Amidst the growing calls for more Americans to buy or lease electric vehicles, whether they can afford them or not, there is something being left out of the discussion by government, media, and the general public. That is the matter of what fuels the batteries powering the elective motors in these vehicles which then requires the vehicles to be plugged into electrical outlets and recharged. The substances found in the batteries of these EV’s are either lithium or cobalt. While these materials may be fairly efficient in providing power from the batteries to the motors, that doesn’t mean that they’re cheap to obtain or don’t present other problems in their long-term usage.
My understanding is that lithium and cobalt are both difficult to find and expensive to mine. Added to this, these minerals contribute their own forms of environmental damage once the batteries in such vehicles wear out and have to be discarded. Both lithium and cobalt can contaminate ground water and soil, adding to the problems we’re already battling in our environment with our discarded waste. On top of this, we have the problem of added strain on our electrical grids with all the charging of the batteries in these vehicles from day to day. Further, the supply of lithium and cobalt are not nearly as plentiful as are fossil fuels, and the push to market and sell EV’s with batteries powered by these minerals will only lead to another fuel crisis as their supplies dwindle.
So what is the real answer to the problem of ending exhaust emissions from motor vehicles by replacing fossil fuels with something sustainable? Unless you’re a Marxist who believes the solution is the elimination of motor vehicles, (along with 90% of the world’s human population), the answer lies in hydrogen. Derived from water, it is the most plentiful gas in the material world and universe. When hydrogen atoms are fused together to produce energy, the only biproduct is water. This is the irony in the whole discussion of “green energy” by environmentalists that’s either being overlooked, or ignored. While there are difficulties in the harnessing of hydrogen energy safely, the long-term rewards and benefits to the world are staggering when it comes to meeting energy needs with clean energy.
Without a doubt, hydrogen is a highly explosive gas that releases tremendous energy when it explodes as we learned form the Hindenburg tragedy, and from experiments with hydrogen warheads. Finding ways to safely use hydrogen as an energy is a challenge, and is costly. The process of removing it from water, is complicated, I understand, and is expensive. But at some point we have to ask, What is cheap about exploring more places to drill for oil, or finding more places with lithium or cobalt to mine? There is considerable expense in all of that, and it still doesn’t provide a good long-term solution to the energy problem.
The building of hydrogen-fusion power plants, and the carrying of hydrogen fuel cells in cars necessitates the construction of stronger, tougher materials in the building and tanks housing both. The explosive nature of hydrogen requires the strongest materials possible to guard against rupture from accidents. This is why I have read that auto companies are reluctant to experiment with hydrogen fuel cells in their vehicles, because of the expensive tanks that have to be installed in the vehicles to house the fuel cells, Most auto companies have stayed away from hydrogen fuel cells to power electric vehicles, except for two: Toyota and Hyundai.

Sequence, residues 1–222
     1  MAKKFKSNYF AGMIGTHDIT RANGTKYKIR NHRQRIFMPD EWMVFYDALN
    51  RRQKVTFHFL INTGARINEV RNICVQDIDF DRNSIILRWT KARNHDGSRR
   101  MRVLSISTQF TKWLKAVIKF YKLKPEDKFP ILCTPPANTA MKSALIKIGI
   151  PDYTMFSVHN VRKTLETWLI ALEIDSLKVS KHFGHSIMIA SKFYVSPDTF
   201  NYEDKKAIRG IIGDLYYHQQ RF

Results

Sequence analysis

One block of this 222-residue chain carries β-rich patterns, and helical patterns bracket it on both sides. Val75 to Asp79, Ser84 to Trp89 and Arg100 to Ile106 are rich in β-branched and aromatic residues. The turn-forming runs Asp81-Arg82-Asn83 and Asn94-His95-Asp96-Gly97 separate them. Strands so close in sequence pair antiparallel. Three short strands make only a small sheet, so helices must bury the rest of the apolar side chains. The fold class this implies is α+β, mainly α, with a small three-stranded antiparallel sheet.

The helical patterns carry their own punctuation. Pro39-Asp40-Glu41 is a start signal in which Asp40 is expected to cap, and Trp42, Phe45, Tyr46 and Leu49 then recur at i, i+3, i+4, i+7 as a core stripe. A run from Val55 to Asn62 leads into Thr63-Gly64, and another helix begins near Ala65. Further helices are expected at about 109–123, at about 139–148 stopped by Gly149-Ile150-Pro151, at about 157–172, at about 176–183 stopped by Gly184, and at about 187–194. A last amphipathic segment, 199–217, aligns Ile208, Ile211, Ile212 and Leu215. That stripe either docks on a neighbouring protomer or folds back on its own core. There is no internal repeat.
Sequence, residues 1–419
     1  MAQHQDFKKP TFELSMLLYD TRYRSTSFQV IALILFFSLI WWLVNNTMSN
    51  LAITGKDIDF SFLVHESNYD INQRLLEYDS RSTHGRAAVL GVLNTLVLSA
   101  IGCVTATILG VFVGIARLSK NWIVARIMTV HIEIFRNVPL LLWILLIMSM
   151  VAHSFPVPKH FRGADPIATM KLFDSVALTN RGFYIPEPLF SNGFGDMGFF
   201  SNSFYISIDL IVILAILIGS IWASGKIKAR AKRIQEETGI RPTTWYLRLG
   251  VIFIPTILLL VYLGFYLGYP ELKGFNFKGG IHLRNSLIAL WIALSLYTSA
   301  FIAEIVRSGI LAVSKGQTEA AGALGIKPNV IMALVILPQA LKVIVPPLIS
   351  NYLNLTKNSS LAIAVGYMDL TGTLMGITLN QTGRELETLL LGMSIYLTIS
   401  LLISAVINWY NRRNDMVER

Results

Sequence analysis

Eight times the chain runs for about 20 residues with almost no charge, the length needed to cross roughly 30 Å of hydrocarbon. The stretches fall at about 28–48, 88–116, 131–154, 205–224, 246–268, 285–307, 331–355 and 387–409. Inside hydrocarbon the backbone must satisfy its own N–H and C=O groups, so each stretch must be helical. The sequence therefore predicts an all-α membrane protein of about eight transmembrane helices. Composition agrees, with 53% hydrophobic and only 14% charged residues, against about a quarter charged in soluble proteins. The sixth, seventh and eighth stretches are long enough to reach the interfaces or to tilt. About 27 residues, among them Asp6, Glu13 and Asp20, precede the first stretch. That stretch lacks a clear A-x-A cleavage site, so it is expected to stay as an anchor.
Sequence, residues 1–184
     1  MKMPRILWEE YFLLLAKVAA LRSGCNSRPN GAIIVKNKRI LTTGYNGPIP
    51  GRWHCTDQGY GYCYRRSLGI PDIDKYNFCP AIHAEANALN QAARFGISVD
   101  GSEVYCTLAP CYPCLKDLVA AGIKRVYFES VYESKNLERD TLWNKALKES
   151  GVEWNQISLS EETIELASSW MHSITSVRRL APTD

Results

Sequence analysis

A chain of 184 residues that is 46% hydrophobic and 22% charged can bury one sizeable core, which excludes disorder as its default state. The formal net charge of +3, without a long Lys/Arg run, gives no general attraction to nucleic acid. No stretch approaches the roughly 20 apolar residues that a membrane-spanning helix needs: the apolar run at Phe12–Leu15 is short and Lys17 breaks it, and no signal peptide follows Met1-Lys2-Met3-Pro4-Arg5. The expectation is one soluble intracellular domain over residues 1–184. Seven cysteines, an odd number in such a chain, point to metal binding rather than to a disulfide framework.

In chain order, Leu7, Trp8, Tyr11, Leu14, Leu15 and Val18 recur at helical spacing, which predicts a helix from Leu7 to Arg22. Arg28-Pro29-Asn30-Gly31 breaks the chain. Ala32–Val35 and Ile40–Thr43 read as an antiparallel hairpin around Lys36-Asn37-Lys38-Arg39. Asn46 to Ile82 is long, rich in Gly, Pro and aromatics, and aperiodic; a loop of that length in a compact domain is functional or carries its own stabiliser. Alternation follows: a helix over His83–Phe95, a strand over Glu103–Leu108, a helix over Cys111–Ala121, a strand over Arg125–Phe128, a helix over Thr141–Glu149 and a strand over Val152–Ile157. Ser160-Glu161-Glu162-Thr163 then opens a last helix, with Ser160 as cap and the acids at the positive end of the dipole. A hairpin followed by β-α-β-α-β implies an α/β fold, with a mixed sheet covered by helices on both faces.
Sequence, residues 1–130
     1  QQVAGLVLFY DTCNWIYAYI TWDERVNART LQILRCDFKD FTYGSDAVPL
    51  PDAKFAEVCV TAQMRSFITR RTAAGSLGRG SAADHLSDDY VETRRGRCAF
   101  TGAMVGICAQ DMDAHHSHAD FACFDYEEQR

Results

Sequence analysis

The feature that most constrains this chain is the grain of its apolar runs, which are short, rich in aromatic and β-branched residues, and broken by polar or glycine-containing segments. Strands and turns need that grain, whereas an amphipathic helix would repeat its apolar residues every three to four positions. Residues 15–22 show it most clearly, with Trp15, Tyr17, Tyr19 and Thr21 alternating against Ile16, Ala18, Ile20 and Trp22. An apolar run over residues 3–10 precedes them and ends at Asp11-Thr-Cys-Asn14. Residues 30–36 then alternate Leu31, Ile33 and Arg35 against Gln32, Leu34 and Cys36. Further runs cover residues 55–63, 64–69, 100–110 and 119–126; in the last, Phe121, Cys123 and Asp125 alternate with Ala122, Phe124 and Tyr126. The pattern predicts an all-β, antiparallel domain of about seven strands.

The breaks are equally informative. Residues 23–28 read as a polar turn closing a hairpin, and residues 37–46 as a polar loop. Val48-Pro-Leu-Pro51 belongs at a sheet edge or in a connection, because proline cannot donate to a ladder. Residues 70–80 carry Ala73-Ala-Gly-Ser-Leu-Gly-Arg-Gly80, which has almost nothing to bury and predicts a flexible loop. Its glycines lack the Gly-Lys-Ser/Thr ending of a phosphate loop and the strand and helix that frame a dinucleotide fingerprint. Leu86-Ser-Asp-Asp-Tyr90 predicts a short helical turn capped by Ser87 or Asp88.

Each of these companies has produced an electric car that operates on hydrogen fuel cells. For Toyota, it’s a mid-sized, rear-wheel drive sedan called the Mirai, which according to Consumer Reports, has lowered its price this year to a base price of $49,500. Hyundai’s entry into the hydrogen fuel cell EV class is a small SUV called the Nexo. It’s price is around $60,000. Both of these cars are only currently sold in certain urban areas of California, because those are the only places where you’ll find hydrogen fuel cell refilling stations. It only takes about five minutes to refill these cells, as opposed to twenty minutes to charge a lithium or cobalt-powered EV at one of Elon Musk’s fast-charging stations, or overnight at one’s home charging outlet.
As for the cost of these vehicles, there is research being conducted at places like The University of Buffalo to find strong but cheaper materials to make fuel cell tanks that won’t easily rupture or cause explosions. Such research needs to be encouraged by the government and more of the auto industry, to where more such EV’s will be produced not only by Toyota and Hyundai, but other automakers as well. Those two companies deserve a lot of credit for sticking their corporate necks out and experimenting with hydrogen fuel-powered EV’s. As for the availability of hydrogen fuel cell refilling stations, the infrastructure is already there if the oil companies were willing to pick up the ball and run with it, installing hydrogen pumps at their gas stations across the country. Until these things are in place, I have no interested in buying an electric vehicle, no matter how many environmentalists and government bureaucrats say I should. Until I can afford one and until I can have a hydrogen fuel cell powered EV that I can refuel all across the country, I won’t be buying one.